AUSTIN, Texas — As coronavirus cases climb in Travis County and across the state this week, dozens of Travis County Clerk’s Office employees were called back to work.
More than a half-dozen of them, who spoke with KVUE on the condition of anonymity, said they’re worried about choosing between their health and a paycheck.
“We’re constantly walking around the office touching the same equipment,” one employee told KVUE. “When it comes to a situation like that, no amount of telling us to wash our hands or sanitize our desks is really going to make us feel much safer.”
Employees provided KVUE with copies of emails that indicate there have been confirmed COVID-19 cases in the Travis County Courthouse, but a county spokesperson said none of those cases have been on the second floor, where the Clerk’s Office staff works.
Travis County Clerk Dana DeBeauvoir declined an interview for this story but told KVUE her office is following CDC guidelines and that it’s not reasonable to describe the working conditions as “unsafe.”
Since mid-March, employees of the Clerk’s Office misdemeanors and records management divisions worked in-person on a rotating basis. For the misdemeanors division, that meant no more than 10 people were in the office at once.
Employees who weren’t part of the in-office crew on a day were allowed administrative leave. As of June 3, the Clerk’s Office staff had used more than 15,000 administrative leave hours, with some individuals having off five paid weeks.
On Tuesday, the Travis County Commissioners Court approved a re-entry plan for Travis County offices that encourages telework for a “majority of roles.”
But this week, Clerk’s Office employees were called back, meaning up to 46 of them – 28 in the misdemeanors division and 18 in the records management division – can be in the office at the same time. They are all considered essential.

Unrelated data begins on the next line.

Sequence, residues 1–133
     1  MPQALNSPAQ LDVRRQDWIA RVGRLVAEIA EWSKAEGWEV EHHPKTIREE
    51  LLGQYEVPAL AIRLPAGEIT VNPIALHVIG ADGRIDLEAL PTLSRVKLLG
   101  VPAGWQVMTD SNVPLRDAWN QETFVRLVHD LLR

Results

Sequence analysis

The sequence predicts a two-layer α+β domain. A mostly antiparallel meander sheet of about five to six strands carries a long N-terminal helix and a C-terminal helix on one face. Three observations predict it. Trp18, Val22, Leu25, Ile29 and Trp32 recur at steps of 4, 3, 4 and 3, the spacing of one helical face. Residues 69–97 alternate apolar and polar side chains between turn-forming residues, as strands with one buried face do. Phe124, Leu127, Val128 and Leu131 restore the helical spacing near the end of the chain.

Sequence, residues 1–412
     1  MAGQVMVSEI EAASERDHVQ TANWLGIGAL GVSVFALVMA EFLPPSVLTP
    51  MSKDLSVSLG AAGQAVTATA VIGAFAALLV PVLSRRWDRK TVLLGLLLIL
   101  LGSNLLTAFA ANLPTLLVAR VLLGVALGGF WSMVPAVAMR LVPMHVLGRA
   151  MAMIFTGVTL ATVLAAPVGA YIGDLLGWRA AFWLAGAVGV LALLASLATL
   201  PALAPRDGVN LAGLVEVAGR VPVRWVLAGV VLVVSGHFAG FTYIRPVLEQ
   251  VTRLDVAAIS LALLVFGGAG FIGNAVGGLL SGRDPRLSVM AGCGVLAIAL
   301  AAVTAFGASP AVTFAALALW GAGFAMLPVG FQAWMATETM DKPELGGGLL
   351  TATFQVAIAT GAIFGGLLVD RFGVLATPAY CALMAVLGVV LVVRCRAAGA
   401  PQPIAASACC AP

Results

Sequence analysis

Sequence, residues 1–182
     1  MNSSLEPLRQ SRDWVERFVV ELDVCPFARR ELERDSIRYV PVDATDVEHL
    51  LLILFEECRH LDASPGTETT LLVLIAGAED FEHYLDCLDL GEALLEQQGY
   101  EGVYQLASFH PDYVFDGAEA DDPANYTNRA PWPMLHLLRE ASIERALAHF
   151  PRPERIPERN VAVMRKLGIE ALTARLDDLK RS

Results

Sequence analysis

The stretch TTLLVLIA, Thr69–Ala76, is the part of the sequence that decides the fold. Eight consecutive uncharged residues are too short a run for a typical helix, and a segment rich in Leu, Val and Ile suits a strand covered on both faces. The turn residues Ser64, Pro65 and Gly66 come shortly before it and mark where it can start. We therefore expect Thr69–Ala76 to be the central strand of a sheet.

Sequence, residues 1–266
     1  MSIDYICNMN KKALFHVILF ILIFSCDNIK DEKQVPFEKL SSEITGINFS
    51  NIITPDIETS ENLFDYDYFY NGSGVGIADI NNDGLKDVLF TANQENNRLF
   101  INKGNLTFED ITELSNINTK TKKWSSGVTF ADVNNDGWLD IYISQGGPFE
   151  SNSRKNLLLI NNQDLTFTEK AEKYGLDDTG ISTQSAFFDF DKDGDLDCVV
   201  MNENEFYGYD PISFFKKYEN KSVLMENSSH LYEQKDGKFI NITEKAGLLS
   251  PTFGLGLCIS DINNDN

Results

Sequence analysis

“We have been told that, you know, we need all-hands-on-deck right now. And so it definitely puts pressure on us to feel like we need to be there,” the employee said.
If they don’t want to be there, DeBeauvoir said they can use their personal leave time.
“If employees are able to work remotely, we are offering that and encouraging that,” said Tracey Calloway, the county’s human resources director.
But these employees can’t work from home since they’re working with physical paper documents like bonds or court actions, Calloway said.
DeBeauvoir said the backlog is extensive and since courts will be reopening soon, there is work to be done.
Clerk’s Office staffers provided KVUE with a photo of Plexiglas that went up between workspaces at the office this week.
In addition, a spokesperson for the Clerk’s Office said hand sanitizer and wipes are available for areas and employees. Facilities are also supposed to be wiped down at least three times per day.
“We have things in our work environment to make sure that we're mitigating those concerns as best that we can,” Calloway said, “so, again, that we can deliver the services that our residents are expecting and that we are statutorily required to deliver.”
People who enter the courthouse are subject to a temperature check by the Travis County Sheriff’s Office, according to a county spokesperson.
But workers said they are still concerned.
“When it comes to real reasons why they won’t let us work from home, we’re just left in the dark,” the employee said.
Several other county departments and employees are still teleworking.
Under the current Travis County Stay Home, Work Safe order, it’s recommended that people don’t gather in groups larger than 10.
Calloway said Clerk’s Office work isn’t considered a social gathering, but instead the county looks at it as residents needing essential services.
Employees said when they try to raise concerns, they fall on deaf ears.
“Everybody is willing to work,” the employee said. “We're not looking for a reason to stay home and do nothing. We've been working hard when we are in the office. We have shown a lot of loyalty and dedication to our work by being there. We're willing to work, but we need to feel safe and we need to feel comfortable in our environment.”
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